Independent Video Producers on San Antonio Public Access TV
Monday, March 28, 2011
Thursday, March 17, 2011
Submitted by local San Antonio Magician Dave King:
I thought some of you would appreciate this e-mail from my brother. He once gave me a tour (in the wee hours of the morning) of the nuclear power plant where he worked for many years.
As a former nuclear power plant operator, I have to say, the disaster in Japan is likely worse than anything I ever imagined. The problem was, most every plant built depends on the assumption that a minimal supply of electrical power can be had within a short time of a major accident. The plant where I worked was hit by a tornado when I worked there, and we lost "off-site power" due to downed high-voltage power lines ("the grid") for about two and a half days. However, we had two "emergency diesel generators" which supplied the power we needed to power emergency equipment during the time we had no off-site power available. I manned one of them for two 12-hour shifts following the tornado, and they worked fine, in spite of the fact that the room temperature of the room where the EDG I was responsible for stayed at 126 degrees for most of the time. When the reactor "trips", and there is a loss of off-site power, there is battery power for the few seconds it takes the EDGs to start and come up to speed and begin to supply emergency power. One EDG is enough to run all the needed emergency equipment, and we had two in service. During the time I worked there, they installed a third EDG, just incase the two EDGs failed to work.
These EDGs have engines that are basically the same as a diesel engine in a locomotive engine. The theory is that so long as you can get more fuel in to run the EDGs, you can stay in that condition for a very long time if needed.
There are more details, but EVERY plan assumes you can get some emergency electrical power back within a reasonable amount of time, and you use it to run your most vital safety equipment, mostly pumps, valves, and indicators.
The problem with this event in Japan was, after the initial accident that was triggered by the earthquake, the safety systems likely would have performed just fine...except the earthquake was followed immediately by the tsumami...a massive wave or waves of water that would have disabled everything electrical, and flooded the EDGs, making them useless. All the seawater would have shorted out most everything electrical.
As if the fuel in the reactors wasn't bad enough, at least that fuel has a reactor vessel around it, and a containment vessel (a large stainless steel "tank") that the entire reactor vessel is located within, with plenty of empty space to hold steam and pressure. But, with no electrical pumps available to remove the heat produced in the fuel, eventually the heat wins. Any water left boils away, exposing fuel rods. Exposed fuel rods start to melt, and a reaction between the atmosphere and some of the metal in the rods produces hydrogen gas, which is explosive. The generators in a power plant are also full of hydrogen, and the hydrogen in them can also explode if mixed with air. These hydrogen explosions, both in the reactor building due to the hydrogen produced as the fuel rods start to melt, and in the generator buildings, can produce fires as well as the violent explosions. As if all this wasn't enough, it sounds as if the "spent fuel pools" were breached from the earthquake, or perhaps the water just boiled away because cooling was lost to the pools, but uncovered fuel will eventually melt. So, you have melting fuel both in the reactor cores, hopefully still inside a reactor "containment building", and melting fuel in "spent fuel pools", basically like swimming pools full of used fuel rods from past running cycles. These pools don't produce a lot of heat normally, but with NO cooling, they will eventually get hot enough to boil the water away, causing the spent fuel to melt, just like the fuel in the reactors. This might even be worse than the melting in the reactors, because at least the fuel in the reactors have more barriers between them and the environment.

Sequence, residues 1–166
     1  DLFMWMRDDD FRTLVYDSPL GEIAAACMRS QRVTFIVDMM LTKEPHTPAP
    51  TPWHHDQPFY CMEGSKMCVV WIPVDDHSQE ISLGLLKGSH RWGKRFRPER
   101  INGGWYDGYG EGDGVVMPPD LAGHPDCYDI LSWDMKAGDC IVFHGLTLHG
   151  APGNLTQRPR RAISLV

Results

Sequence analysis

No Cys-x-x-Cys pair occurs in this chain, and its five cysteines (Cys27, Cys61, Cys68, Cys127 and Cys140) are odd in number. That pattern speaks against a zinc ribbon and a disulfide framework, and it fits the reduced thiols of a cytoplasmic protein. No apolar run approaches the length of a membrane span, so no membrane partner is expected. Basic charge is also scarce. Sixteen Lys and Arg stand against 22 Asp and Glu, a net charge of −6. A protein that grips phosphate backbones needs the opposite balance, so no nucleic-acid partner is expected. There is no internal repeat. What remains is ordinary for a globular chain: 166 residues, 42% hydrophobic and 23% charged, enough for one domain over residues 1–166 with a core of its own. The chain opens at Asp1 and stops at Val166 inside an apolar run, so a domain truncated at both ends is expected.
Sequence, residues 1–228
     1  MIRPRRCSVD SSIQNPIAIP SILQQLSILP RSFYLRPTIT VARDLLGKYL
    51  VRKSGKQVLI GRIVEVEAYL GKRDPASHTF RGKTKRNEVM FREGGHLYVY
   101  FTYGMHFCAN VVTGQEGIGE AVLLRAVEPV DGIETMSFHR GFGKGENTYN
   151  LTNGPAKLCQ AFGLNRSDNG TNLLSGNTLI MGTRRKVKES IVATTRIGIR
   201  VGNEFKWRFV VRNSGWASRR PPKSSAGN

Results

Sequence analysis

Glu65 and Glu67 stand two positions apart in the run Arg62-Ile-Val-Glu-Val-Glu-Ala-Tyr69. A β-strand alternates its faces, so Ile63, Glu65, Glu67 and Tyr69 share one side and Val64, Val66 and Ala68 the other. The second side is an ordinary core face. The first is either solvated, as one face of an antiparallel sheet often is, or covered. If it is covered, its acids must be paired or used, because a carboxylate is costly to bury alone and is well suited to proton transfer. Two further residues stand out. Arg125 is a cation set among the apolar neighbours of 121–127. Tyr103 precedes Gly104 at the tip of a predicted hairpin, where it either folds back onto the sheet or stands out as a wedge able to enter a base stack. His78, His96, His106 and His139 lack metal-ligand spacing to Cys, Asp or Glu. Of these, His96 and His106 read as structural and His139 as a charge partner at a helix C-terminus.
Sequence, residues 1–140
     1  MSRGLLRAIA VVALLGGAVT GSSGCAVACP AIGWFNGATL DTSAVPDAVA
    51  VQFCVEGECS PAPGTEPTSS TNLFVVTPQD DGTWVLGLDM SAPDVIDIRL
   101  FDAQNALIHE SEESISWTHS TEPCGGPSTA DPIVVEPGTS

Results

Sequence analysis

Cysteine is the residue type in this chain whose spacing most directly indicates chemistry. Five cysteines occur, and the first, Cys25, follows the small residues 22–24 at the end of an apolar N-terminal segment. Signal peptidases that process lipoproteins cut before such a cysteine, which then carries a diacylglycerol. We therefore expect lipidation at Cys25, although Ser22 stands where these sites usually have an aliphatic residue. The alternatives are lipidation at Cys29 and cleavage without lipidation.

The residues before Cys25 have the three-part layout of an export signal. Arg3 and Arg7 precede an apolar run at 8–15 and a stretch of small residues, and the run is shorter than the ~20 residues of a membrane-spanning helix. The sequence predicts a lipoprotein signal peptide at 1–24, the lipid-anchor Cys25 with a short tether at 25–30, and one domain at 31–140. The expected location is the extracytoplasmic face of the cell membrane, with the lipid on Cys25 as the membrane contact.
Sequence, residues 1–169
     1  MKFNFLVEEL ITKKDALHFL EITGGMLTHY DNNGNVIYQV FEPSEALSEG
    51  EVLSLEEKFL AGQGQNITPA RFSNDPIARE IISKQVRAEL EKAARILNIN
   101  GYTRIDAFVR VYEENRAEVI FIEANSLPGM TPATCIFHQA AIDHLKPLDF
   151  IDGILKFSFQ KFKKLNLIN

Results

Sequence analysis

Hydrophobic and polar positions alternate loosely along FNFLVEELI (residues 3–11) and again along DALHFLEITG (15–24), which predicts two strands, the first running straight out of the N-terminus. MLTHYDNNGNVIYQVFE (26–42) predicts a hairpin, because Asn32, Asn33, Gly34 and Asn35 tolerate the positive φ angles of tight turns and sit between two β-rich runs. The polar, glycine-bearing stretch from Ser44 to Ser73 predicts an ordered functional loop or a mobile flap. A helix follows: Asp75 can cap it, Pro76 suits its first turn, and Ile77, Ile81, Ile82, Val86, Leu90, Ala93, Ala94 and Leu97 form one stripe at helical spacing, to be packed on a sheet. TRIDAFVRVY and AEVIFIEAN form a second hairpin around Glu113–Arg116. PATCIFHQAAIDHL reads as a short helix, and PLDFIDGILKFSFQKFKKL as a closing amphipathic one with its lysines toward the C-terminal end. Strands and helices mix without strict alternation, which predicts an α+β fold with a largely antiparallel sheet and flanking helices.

The situation tonight is grave. Evidently, the control rooms have been abandoned, meaning they have pretty much given up hope, since they have no electrical power, and no way to run any emergency pumps to keep the fuel covered with water. On TV, they show helecopters dumping water from the air on the reactor buildings. Not sure why they are wasting their time doing such a useless thing...there's no way that will make any difference at all, and the people in the helecopters are getting irradiated for no good reason, and the helecopters will just stir up particulate radiation.
The guys going in the plants now, with seemingly no good plan or equipment, are most likely just giving their lives in vain. Once again, a major waste of human life.
If this event is no worse than Chernobyle, they will be very lucky in my opinion. I think it may be far worse. They need our prayers.